Annabel Lee is the last poem written by E.A.Poe. it mourns the loss of a beautiful beloved which is a recurrent theme in Poe's writings. The poem is believed by many critics to be an idealisation of Poe's wife, Virginia Clemm, who died in 1847.
Annabel Lee which states the timelessness of love has a sorrowful melancholy tone reminding of a melody. Entering the domain of music, the poet breaks free from factuality everyday logic and creates a quite palpable image of reality which is devoid of time dimension. The atmosphere is maintained not only through the introduction of such supernatural beings as angels in heaven, seraphs and demons under the sea but chiefly through the phonic and rhythmical peculiarities of Annabel Lee.
The very title of the poem is perceived as a magic word. The highly melodious feminine name invented by Poe seems almost radiant due to its phonic structure which contains mainly vowels and sonorous sounds. The meaningless sound combination Annabel Lee which forms the key repetition of the poem, permeating the text becomes a catchall notion. The words connected with it through alliteration and assonance (love, love, angel beautiful beams, dreams and others) build up associations and turn into semantic "mirror reflections" of the girl's name.
In addition to this alliteration-assonance axis, the text is saturated with phonic interplay of less conspicuous words (The stars never rise but I see the blight eyes; sepulchre there by the sea; the tomb by the side of the sea; not half so happy in heaven etc.) which together with the alteration of four and three stress lines in six stances of the poem, rhymes, end and internal (chilling and killing: Can ever dissever. For the moon never beams without bringing my dreams etc.) repetition of words and lines make the poem sound as an incantation, recreate the melodious voice of the eternal sea which washed the shores of the kingdom, the measured movement of its advancing and withdrawing waves.
7. Studies serve for delight, for ornament, and for ability. Their chief use for delight, is in privateness and retiring; for ornament, is in discourse; and for ability, is in the judgement and disposition of business; for expert men can execute, and perhaps judge of particulars, one by one: but the general counsels, and the plots marshalling of affairs come best from those that are learned. To spend too much time in studies, is sloth; to use them too much for ornament, is affectation; to make judgements wholly by their rules is a humour of a scholar; they perfect nature and are perfected by experience: for natural abilities are like natural plants' that needs pruning for study: and studies themselves do give forth directions too much at large, except they be bounded in by experience. Crafty men contend studies, simple men admire them; for they teach not their own use; but that is a wisdom without them and above them, won by observation. Read not to contradict and confute, not to believe and take for granted, not to find talk and discourse, but to weigh and consider. Some books are to be tasted, others to be swallowed, and some few to be chewed and digested, that is some books are to be read only in parts; others to be read but not curiously; and some few to be read wholly, and with diligence and attention. Some books may be read by deputy, and extracts made of them others; but that would be only in the less important arguments and the meaner sort of books; else distilled books are, like common distilled waters, flashy things. Reading maketh a full man; conference a ready man; and writing an exact man; and therefore, if a man write little, he had need have a great memory; if he confer little he had need have a present wit; and if he read little, he had need have much cunning, to seem to know that he doth not.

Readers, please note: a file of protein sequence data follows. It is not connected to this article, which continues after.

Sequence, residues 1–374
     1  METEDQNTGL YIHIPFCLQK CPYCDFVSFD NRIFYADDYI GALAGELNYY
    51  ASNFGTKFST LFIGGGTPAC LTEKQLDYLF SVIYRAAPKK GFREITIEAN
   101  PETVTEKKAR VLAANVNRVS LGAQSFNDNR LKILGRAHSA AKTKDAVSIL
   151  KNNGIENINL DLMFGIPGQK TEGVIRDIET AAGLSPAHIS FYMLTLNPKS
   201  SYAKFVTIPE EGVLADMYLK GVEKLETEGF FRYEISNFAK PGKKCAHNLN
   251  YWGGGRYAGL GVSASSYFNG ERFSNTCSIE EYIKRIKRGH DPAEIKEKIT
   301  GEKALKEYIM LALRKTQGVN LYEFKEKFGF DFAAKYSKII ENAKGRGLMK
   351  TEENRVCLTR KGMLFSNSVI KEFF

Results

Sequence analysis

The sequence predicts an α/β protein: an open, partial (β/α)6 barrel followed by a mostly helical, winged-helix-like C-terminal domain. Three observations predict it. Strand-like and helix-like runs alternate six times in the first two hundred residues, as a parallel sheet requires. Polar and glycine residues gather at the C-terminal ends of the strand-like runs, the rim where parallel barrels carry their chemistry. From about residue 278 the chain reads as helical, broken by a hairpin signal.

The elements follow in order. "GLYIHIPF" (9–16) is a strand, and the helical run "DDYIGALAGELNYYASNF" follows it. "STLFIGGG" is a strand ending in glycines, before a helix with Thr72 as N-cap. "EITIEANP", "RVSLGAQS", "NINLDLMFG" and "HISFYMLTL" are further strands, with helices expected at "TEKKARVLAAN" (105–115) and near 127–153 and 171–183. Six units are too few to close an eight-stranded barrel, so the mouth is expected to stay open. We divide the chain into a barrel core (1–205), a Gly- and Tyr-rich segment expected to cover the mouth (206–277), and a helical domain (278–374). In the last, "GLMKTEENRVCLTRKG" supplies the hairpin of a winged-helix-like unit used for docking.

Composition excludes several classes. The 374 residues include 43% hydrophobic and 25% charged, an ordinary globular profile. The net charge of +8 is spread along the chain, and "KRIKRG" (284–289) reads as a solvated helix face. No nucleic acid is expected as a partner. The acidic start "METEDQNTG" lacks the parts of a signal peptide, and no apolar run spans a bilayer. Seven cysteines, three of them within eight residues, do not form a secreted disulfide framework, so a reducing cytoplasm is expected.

Histories make man wise; poets, witty; the mathematics, subtle, natural philosophy, deep, moral, grave; logic and rhetoric, able to contend: "About studia in mores"; nay, there is no stand or impediment in the wit, but may be wrought out by fit studies: like as diseases of the body may have appropriate exercises; bowling is good for the stone and reins, shooting for the lungs and breast, gentle walking for the stomach, riding for the head and the like; so if a man's wit be wandering, let him study the mathematics; for in demonstrations, if his wit be called away never so little, he must begin again, if his wit not apt to distinguish or find difference, let him study the schoolmen; for they are "Cymini sectores". If he be not apt to beat over matters, and to call up one thing to prove and illustrate another, let him study the lawyers' cases: so every defect of the mind may have a special receipt (Francis Bacon. Of Studies)
Francis Bacon's (1561-1626) treatise Of Studies follows the publicist functional style. It aims to cause the reader to accept the author's point of view not merely through logical argumentation but through emotional appeal as well.